HTML text effects were extremely popular during the early days of the web, and were often over-used. However, they gradually became an essential part of cascading style sheets as the web became 2.0.
Early HTML Text Effects
While hypertext markup language came from the world of static print publication, the ability to have dynamic animations and colors on computer screens was very exciting for early web designers. Unfortunately, some went a bit overboard, using <H1> header tags and <FONT COLOR="Some_Outrageous_Shade_Of_Pink"> to the point where reading a web page could literally give you a headache. Even worse was the dreaded <BLINK> tag, which would give the effect of a neon-sign in a shop window. It is almost universally accepted that the <BLINK> tag should no longer be used anywhere.
Other HTML text effects included:
- StrikeThrough <S></S>: This produces text with a line through it, as if it has been crossed out while still remaining readable.
- Sub- and SuperScript: Using the obvious tags of <SUB> and <SUP> you can make annotations and footnotes on your web text.
- Underline <U></U>: This is not used as much in text anymore because underlined text usually implies a hyperlink.
The <FONT> Properties
One of the interesting aspects of any text effect is that a great deal of control can be exercised using the <FONT> tag along with a property, such as family (serif or sans-serif groupings), style, size, color, and page alignment ("align=left", for example). However, it is considered bad form in current coding to use these properties in the body of your document. Almost all font properties are used in the <HEAD> of the document where the styles are defined, or else in a completely separate .CSS document. This means it's useful to learn the <FONT> tag thoroughly, even if you don't use it as originally intended.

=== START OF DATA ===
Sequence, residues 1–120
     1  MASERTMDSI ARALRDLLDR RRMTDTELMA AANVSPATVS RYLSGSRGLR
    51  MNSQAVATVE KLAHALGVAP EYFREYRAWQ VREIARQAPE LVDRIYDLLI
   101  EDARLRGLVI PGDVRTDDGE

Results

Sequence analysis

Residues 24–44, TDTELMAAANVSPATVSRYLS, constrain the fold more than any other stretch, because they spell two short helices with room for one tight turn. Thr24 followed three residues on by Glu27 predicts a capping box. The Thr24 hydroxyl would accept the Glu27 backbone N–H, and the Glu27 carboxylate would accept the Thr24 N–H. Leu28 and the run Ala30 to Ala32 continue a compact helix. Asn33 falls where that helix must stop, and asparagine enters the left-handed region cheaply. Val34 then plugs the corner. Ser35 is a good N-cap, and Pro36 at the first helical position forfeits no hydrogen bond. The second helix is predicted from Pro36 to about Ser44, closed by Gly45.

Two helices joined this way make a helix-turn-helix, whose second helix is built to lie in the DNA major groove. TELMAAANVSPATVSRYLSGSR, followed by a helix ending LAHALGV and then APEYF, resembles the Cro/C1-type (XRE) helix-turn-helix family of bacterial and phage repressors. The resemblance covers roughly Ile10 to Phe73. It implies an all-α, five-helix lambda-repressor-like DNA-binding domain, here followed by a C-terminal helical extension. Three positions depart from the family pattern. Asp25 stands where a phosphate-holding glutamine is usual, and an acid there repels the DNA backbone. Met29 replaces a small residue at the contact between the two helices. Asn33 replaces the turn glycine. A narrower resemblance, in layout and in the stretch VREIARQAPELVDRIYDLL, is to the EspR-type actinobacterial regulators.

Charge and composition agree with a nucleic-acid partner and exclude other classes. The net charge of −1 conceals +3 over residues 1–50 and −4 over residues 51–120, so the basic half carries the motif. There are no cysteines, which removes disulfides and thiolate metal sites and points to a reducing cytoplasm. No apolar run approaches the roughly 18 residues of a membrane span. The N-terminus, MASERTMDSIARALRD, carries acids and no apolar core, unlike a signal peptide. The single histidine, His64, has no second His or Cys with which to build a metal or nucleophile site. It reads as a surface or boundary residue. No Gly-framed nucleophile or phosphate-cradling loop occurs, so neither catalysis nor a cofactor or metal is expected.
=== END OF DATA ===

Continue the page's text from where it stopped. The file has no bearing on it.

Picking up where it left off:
The Top Four Text Effects
There are four kinds of tags for controlling text appearance that have remained very useful, though they've also changed over the years to reflect a more semantic style of HTML.
- <P> Paragraph: It is even more essential to be able to delineate paragraphs online than in print, because text on the screen is harder on the eyes. Most online paragraphs are separated by spaces, but Cascading Style Sheets can change this at will
- <I> Italic: Originally this denoted slanted text, but some designers would rather use other ways to show emphasis, and so the <EM> tag is becoming more commonly used for the same effect.
- <B> Bold: Just like <I>, while people do want to have some text set apart, it's not always through boldface type. The semantic tag for this effect is <STRONG>.
- <H> Header: This is used for titles, subtitles, and other headings that help outline a document. The "H" is always followed by a number, usually 1-5.
These four tags are still used very often in conjunction with Cascading Style Sheets, which can be used for almost any text effect you like. A CSS Zen Garden has thousands of examples of how the same code can give radically different effects, or you can go to sites such as Web Designer Wall for other great CSS examples including gradient text.
That unfortunately goes for straight HTML text effects as well. Different browsers even show CSS in different ways, and you should always check on multiple screens before using a text effect extensively on your site. Always remember that the purpose of a page is to deliver your message, and use the text design to improve that.